December 21 2008
By Kim Sengupta and Brian Brady
Parliamentary vote on mandate for British forces could leave them without legal cover next month. Kim Sengupta in Basra and Brian Brady report
Britain’s exit strategy from Iraq suffered a setback yesterday when the country’s parliament rejected a draft law paving the way for withdrawal of forces by the end of July. The reversal was embarrassing for both Gordon Brown and the Iraqi Prime Minister, Nouri al-Maliki, after the two leaders publicly declared last week that an agreement had been reached on the pullout.
Foreign Office sources admitted that unless the law receives formal Iraqi approval by the end of this month, when the United Nations mandate for the occupation expires, the vote could lead to British troops being confined to base, because they would not have the legal authority to do anything else in Iraq. However, officials attempted to dampen speculation that the resolution could have such a dramatic impact, and insisted that the problem was “procedural”.
A Foreign Office spokesman said: “We have worked closely with the government of Iraq to ensure that there is a firm legal basis for the presence of our forces in 2009. We will now discuss with the government of Iraq what the vote in the Council of Representatives means for the proposed legal basis for the UK and other forces, and look at the options.”
The possibility of British troops operating in a legal limbo from January was increased by Mr Maliki’s refusal even to start talks with the UK until after the Iraqi parliament approved the US deal on 27 November. This reflected his anger at what he saw as Britain’s surrender of Basra to Shia militias last year.
Early this month the Secretary of State for Defence, John Hutton, warned: “I won’t hesitate to pull [British forces] out. They have to be [legally] protected, and the way things stand at the moment they will not be.” His Conservative shadow, Liam Fox, said the Iraqi vote “raises serious questions”. If another vote failed, Britain would have to ensure alternative arrangements were in place by the end of the month.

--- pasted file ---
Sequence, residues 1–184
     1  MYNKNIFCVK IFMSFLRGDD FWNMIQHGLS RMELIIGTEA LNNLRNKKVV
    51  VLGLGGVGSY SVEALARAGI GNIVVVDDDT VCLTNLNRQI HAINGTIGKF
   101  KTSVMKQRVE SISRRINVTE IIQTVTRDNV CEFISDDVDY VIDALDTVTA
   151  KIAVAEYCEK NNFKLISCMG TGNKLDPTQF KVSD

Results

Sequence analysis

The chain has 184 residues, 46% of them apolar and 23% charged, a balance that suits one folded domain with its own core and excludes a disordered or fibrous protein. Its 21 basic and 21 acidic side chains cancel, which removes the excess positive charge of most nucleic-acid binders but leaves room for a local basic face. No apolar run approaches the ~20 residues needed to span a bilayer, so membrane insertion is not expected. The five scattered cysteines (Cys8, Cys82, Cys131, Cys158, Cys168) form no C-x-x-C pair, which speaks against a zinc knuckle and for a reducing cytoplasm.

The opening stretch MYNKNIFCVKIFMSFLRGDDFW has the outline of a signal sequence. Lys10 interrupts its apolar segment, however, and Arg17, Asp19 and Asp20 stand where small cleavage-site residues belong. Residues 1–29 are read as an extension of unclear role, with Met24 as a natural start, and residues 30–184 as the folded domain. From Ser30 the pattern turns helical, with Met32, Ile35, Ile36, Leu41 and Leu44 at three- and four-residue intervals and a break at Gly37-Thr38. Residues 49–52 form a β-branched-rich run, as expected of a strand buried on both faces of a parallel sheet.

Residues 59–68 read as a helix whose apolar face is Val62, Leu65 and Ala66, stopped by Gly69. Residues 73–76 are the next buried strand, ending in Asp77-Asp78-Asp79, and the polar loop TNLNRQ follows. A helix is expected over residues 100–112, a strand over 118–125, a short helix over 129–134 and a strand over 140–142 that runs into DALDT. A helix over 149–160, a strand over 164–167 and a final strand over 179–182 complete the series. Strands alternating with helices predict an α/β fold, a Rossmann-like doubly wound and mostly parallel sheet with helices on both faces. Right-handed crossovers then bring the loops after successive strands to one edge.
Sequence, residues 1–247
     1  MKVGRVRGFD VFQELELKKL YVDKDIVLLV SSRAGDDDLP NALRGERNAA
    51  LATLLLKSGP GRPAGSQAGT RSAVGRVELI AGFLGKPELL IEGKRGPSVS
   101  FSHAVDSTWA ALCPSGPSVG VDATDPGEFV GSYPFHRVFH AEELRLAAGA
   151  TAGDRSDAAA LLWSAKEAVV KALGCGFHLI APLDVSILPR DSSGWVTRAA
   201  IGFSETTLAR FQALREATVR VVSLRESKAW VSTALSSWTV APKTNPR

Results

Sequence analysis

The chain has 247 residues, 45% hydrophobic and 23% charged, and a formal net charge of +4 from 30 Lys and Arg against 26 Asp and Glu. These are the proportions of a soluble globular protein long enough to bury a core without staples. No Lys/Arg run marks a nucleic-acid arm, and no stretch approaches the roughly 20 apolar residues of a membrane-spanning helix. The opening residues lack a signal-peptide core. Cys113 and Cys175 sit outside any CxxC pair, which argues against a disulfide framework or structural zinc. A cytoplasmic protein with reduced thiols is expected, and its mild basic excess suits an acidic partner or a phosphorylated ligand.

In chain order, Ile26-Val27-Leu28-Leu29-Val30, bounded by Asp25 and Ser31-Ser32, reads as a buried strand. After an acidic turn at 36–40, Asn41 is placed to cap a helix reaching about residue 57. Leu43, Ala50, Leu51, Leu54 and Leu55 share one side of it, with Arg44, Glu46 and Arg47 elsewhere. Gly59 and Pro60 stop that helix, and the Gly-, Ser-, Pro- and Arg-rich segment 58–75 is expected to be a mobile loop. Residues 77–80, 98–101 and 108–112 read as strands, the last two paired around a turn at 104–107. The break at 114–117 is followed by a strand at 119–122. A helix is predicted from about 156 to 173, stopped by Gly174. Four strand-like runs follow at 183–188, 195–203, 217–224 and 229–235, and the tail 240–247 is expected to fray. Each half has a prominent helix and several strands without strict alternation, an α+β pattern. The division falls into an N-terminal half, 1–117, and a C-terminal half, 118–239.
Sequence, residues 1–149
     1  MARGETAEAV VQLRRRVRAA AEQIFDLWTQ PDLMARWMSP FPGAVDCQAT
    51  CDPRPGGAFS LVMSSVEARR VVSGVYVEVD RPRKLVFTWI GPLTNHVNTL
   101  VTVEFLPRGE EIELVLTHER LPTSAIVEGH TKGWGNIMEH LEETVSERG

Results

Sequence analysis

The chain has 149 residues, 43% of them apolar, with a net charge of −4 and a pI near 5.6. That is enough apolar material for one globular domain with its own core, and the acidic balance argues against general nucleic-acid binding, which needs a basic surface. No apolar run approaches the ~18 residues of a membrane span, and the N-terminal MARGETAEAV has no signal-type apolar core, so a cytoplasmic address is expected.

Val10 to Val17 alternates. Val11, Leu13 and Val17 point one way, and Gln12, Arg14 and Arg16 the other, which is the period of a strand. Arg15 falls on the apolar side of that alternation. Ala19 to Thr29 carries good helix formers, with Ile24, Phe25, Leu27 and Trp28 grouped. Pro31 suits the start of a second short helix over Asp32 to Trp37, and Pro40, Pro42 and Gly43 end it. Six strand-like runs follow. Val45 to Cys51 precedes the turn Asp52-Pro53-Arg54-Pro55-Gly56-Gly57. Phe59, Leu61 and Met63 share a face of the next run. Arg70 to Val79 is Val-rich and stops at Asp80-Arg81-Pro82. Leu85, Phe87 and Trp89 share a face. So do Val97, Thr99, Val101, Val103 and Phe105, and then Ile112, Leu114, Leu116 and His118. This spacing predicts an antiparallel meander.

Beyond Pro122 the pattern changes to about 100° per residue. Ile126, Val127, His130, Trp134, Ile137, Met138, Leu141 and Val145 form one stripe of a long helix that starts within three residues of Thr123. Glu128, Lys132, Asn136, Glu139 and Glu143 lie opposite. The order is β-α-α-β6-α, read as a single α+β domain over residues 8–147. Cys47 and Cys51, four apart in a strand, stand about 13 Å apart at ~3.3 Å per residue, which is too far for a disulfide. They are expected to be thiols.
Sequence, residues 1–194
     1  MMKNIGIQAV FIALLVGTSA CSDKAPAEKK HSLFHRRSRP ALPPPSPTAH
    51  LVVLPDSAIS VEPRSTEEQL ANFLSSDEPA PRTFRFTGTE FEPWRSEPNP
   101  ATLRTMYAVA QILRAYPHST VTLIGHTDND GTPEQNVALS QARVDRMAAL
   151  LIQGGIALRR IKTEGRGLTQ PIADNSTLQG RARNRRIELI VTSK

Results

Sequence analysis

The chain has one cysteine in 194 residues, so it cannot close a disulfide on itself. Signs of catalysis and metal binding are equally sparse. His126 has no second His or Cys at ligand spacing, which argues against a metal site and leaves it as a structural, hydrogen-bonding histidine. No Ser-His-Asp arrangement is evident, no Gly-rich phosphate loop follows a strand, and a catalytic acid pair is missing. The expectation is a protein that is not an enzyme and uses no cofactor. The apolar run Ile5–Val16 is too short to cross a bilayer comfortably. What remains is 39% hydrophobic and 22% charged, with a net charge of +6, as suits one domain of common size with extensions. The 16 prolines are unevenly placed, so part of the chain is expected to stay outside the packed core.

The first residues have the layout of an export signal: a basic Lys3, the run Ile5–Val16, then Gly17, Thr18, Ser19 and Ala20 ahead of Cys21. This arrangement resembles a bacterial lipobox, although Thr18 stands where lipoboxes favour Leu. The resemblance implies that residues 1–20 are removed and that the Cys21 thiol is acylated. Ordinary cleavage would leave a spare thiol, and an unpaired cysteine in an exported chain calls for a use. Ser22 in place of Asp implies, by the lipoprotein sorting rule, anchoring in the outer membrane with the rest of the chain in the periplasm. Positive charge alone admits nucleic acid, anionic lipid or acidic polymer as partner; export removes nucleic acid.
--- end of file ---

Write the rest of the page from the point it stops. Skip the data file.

The immediate effect of the vote by the MPs to reject the draft law by 80 votes to 68 is that the UK, Australia, Romania, Estonia, El Salvador and Nato would not technically have legal authority for any use of force in Iraq, even in self-defence, after the end of the month. Yesterday’s was the first reading of the bill in the Council of Representatives, or parliament. It is now due to be sent back to Mr Maliki’s cabinet for amendments, with another vote due next week. Some MPs want the law dropped and replaced with an international agreement similar to the deal with the US, which lays down the terms for its withdrawal of 140,000 troops from Iraq by 2011.
Nassir al-Issawi, an MP allied to the radical Shia cleric Muqtada al-Sadr, who wants foreign troops to leave at once, said: “What the parliament did today, rejecting the bill, was a great national achievement. We believe that British forces and all other forces should pack their things.”
Fariad Rawndouzi, a Kurdish MP, said many of his colleagues were also unhappy with the formulation of the bill, and wanted it to resemble the “status of forces” agreement between the US and Iraq more closely.